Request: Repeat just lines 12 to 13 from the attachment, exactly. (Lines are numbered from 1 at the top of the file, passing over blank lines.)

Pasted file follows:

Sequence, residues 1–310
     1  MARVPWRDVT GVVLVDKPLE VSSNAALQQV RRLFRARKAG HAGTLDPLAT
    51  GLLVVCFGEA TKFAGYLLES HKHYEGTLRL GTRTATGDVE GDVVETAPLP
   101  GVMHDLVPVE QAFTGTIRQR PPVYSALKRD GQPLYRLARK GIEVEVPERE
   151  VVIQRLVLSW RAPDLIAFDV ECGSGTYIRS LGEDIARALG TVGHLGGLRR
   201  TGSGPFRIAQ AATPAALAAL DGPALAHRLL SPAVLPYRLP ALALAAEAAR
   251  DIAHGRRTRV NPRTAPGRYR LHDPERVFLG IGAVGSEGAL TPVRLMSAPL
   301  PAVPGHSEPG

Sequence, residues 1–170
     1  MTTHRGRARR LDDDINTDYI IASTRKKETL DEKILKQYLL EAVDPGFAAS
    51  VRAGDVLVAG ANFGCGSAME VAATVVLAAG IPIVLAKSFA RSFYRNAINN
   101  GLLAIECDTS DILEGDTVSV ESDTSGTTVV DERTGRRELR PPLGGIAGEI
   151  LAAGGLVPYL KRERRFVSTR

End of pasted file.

   101  GLLAIECDTS DILEGDTVSV ESDTSGTTVV DERTGRRELR PPLGGIAGEI
   151  LAAGGLVPYL KRERRFVSTR